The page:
Eurotunnel passengers were stranded under the sea between England and France

What began as an ordinary train ride under the English Channel turned into pure claustrophobia nightmare fuel on Tuesday when a train stopped and passengers were left stranded for hours in a narrow concrete tube below the seabed.

Alarms went off on the Eurotunnel Le Shuttle service from Calais in northern France to Folkestone in southern England at around 3.50pm, bringing the train to a halt. As the cause of the incident was investigated, passengers were asked to evacuate the train carriages and go down an emergency service tunnel.

Surreal videos of the incident shared on social media showed travelers carrying luggage and pets along the 24-mile tunnel. The holidaymakers had to walk down the concrete shaft for around 10 minutes to get in front of the stricken train and meet a replacement vehicle. Passengers then faced an hour-long wait for the new train to arrive.

“The service tunnel was terrifying,” said traveler Sarah Fellows The times. “It was like a disaster movie. You just walked into the abyss without knowing what happened. We all had to stay under the sea in this big queue. There was a woman crying in the tunnel, another woman having a panic attack traveling alone.”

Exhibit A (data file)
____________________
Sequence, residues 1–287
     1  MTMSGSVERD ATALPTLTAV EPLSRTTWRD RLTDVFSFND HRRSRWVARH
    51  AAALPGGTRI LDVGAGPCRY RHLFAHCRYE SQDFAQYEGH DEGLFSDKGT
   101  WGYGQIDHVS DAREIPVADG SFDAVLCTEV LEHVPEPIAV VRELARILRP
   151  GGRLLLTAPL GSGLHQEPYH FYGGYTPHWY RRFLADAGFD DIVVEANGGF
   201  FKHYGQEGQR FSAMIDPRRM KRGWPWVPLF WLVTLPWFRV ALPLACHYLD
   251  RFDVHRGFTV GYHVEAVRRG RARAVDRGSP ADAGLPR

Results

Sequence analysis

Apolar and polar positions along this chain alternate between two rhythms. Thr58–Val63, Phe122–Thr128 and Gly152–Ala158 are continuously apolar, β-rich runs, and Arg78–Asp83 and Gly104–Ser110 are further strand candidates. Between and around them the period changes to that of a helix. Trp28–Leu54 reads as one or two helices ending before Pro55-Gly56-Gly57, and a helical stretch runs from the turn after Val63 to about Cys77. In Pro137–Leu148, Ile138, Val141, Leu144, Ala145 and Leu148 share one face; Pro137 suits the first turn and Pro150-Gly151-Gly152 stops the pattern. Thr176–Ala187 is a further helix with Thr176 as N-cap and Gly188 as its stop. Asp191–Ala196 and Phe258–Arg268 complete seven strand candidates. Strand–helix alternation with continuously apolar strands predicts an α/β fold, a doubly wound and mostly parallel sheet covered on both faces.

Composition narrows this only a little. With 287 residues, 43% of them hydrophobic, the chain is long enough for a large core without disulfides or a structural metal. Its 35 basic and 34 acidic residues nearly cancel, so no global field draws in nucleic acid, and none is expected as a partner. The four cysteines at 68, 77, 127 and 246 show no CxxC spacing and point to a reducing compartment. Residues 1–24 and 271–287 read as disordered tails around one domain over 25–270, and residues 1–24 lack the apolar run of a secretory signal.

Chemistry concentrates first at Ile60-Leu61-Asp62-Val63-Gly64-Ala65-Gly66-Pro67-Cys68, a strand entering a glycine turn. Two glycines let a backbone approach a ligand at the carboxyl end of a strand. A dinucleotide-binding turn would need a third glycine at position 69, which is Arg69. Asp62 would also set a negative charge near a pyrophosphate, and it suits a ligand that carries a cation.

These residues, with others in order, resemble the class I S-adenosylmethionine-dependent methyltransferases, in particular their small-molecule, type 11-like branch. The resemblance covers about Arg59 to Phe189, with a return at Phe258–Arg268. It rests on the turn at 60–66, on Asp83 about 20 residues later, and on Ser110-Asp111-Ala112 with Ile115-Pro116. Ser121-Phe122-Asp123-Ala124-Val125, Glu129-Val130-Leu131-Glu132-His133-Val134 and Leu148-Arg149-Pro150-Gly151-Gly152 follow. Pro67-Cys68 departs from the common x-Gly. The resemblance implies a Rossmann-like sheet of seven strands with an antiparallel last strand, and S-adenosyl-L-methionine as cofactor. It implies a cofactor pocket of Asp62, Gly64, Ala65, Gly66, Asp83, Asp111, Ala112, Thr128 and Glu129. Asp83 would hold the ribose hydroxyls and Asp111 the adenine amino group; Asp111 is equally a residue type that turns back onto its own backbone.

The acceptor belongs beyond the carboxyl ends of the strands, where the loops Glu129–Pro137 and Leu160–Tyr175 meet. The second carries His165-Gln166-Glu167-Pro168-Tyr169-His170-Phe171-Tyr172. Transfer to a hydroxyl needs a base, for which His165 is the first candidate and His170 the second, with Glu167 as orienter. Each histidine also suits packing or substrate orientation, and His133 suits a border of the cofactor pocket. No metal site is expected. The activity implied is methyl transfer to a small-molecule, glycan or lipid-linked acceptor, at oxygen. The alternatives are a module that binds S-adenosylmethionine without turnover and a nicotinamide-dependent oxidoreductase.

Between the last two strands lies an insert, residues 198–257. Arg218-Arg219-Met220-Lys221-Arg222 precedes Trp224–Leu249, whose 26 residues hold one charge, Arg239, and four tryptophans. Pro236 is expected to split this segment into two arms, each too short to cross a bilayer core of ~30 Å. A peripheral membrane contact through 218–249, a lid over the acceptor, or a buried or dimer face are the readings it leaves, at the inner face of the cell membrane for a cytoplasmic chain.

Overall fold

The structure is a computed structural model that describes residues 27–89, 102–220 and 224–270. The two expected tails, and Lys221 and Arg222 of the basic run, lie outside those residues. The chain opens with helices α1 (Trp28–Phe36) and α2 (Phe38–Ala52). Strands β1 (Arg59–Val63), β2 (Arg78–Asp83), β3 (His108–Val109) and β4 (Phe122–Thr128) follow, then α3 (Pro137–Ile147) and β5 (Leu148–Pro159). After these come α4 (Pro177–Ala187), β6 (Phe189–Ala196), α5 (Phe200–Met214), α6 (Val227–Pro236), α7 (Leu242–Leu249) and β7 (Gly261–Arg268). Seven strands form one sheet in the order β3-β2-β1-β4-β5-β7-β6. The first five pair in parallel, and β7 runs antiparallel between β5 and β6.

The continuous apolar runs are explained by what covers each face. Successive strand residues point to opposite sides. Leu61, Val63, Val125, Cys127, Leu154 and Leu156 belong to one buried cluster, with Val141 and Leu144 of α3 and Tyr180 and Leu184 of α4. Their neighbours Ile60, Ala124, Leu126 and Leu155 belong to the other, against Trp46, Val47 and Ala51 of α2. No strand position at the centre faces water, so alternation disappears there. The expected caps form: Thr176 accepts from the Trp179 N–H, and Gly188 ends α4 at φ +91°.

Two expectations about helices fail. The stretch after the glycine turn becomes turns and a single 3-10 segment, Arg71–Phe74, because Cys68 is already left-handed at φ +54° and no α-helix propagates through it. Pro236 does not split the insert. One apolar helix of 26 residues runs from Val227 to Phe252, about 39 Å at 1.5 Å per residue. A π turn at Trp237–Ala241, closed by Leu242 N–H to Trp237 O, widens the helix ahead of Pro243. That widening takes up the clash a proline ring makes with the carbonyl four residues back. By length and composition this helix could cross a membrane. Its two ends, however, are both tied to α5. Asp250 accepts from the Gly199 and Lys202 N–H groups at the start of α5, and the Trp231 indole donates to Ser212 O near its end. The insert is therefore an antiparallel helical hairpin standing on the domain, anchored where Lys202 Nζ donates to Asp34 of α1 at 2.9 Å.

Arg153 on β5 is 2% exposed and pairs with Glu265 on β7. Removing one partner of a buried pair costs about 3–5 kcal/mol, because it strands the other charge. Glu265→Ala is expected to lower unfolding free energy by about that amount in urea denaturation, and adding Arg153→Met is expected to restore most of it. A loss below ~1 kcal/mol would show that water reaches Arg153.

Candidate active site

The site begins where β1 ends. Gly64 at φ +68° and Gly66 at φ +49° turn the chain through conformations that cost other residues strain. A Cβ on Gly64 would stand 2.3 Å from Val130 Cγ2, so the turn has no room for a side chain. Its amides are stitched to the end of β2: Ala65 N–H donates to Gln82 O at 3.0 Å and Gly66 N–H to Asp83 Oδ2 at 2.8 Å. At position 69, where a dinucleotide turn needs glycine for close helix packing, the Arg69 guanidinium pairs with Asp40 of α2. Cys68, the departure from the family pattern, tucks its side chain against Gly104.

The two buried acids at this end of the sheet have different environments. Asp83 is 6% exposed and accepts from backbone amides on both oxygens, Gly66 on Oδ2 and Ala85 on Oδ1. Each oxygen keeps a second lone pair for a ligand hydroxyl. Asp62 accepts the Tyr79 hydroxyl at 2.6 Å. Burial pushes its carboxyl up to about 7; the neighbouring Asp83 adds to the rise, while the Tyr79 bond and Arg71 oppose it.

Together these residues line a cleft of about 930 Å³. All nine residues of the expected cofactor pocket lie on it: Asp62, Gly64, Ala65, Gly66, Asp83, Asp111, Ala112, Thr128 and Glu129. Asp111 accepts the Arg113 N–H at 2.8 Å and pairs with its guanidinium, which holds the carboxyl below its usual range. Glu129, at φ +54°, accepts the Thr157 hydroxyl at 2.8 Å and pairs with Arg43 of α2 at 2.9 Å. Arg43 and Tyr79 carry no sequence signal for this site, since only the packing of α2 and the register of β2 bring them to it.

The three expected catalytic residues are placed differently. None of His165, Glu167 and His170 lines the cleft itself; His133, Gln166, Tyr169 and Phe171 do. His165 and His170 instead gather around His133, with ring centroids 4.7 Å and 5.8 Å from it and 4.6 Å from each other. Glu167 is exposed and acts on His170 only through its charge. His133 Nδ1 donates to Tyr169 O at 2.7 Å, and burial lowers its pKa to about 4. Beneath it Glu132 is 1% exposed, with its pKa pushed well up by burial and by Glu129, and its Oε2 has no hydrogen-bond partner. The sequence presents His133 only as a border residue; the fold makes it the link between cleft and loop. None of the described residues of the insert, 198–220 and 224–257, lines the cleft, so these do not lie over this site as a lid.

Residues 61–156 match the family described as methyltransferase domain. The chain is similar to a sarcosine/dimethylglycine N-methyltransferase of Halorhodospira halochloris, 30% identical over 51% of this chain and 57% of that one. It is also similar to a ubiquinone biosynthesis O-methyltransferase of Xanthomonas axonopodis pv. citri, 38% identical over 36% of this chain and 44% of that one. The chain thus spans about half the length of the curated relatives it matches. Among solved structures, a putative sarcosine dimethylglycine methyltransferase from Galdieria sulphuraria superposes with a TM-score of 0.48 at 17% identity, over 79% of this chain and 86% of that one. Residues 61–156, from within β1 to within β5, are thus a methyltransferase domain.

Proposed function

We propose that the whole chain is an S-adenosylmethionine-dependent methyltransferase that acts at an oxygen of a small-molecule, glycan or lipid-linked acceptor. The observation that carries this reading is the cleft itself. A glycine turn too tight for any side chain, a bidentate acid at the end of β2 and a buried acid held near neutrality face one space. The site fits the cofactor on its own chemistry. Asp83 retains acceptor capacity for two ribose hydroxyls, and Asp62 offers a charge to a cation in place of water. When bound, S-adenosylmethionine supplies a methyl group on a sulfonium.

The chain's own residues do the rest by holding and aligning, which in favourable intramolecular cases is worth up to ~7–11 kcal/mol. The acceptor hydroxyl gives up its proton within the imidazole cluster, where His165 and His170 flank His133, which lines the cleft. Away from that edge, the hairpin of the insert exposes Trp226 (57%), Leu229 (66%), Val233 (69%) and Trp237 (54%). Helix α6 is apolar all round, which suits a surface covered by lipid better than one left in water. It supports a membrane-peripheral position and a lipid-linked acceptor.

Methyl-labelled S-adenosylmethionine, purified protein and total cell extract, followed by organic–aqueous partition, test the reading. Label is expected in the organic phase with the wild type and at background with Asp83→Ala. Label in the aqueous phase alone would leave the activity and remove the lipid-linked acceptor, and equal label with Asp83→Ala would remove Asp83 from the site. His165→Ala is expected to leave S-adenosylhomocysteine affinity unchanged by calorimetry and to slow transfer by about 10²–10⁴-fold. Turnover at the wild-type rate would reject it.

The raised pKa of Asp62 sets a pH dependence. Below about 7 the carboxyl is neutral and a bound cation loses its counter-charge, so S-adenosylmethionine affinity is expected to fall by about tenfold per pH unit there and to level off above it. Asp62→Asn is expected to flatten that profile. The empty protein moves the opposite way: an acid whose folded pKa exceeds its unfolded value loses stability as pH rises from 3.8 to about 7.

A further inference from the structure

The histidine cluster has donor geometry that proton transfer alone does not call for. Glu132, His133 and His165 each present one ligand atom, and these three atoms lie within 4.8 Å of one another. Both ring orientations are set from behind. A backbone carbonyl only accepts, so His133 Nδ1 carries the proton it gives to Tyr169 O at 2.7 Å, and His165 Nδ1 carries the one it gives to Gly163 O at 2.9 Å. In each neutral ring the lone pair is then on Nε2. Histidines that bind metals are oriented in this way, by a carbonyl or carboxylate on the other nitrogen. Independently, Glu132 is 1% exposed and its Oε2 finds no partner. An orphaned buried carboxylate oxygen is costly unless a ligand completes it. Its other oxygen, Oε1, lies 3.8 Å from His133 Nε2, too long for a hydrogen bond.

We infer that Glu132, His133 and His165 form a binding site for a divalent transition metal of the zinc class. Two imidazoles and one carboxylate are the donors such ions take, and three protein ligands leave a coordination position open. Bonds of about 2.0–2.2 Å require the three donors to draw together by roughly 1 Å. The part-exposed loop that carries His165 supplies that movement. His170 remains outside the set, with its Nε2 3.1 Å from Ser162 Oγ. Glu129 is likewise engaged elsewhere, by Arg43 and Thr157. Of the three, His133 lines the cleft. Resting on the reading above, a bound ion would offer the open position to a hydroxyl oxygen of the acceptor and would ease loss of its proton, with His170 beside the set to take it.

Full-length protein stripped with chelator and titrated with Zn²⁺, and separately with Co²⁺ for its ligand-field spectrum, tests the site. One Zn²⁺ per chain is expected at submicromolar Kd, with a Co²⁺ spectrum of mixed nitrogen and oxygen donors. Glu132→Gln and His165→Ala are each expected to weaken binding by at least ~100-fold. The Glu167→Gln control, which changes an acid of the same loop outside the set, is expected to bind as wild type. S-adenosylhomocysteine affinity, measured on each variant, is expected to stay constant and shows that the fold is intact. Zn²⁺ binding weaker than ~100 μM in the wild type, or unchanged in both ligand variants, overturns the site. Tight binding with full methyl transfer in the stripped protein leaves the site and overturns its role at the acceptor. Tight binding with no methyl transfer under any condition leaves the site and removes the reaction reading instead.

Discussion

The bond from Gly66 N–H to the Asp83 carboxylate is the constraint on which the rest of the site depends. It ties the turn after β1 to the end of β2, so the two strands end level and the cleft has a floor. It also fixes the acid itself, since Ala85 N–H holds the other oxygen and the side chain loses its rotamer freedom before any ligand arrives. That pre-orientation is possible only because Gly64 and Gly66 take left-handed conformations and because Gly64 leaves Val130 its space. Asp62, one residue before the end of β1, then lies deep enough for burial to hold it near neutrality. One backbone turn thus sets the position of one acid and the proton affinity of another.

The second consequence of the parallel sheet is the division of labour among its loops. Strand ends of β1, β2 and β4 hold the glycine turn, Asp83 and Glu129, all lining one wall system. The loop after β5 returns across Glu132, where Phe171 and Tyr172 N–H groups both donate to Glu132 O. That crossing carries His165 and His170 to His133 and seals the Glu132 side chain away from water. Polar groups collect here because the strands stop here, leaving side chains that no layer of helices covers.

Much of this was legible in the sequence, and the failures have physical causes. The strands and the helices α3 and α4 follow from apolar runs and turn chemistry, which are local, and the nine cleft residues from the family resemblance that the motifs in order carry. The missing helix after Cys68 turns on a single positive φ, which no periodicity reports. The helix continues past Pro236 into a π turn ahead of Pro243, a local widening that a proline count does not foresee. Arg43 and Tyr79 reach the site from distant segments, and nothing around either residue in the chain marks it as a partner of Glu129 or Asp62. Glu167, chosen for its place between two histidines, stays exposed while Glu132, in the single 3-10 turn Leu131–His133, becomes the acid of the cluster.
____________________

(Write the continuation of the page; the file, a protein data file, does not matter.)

Despite the alarms, Le Shuttle said the train had not broken down, despite the evacuation. “The shuttle was brought to a controlled stop and inspected,” a spokesperson said. “As a precaution, for their safety and comfort, we transferred the passengers on board to another shuttle, via the service tunnel (which is there for that very purpose).

“We brought them to the passenger terminal building, where food and drinks were available, then slowly brought the original shuttle out and reunited them with their vehicles.”

The Channel Tunnel is shared by two main passenger services connecting the UK with Europe – Eurostar and Eurotunnel Le Shuttle. Passengers using the Eurotunnel Le Shuttle enter the underground trains in their own cars or on buses, while foot passengers take Eurostar.

The tunnel itself, which has the longest underwater section (23.5 miles) of any tunnel on the planet, has been the scene of much more dramatic disasters in recent times. Most notably, the tunnel’s full services were interrupted for six months after a fire in 1996, and several people were hospitalized with smoke inhalation during another fire in the tunnel in 2008.

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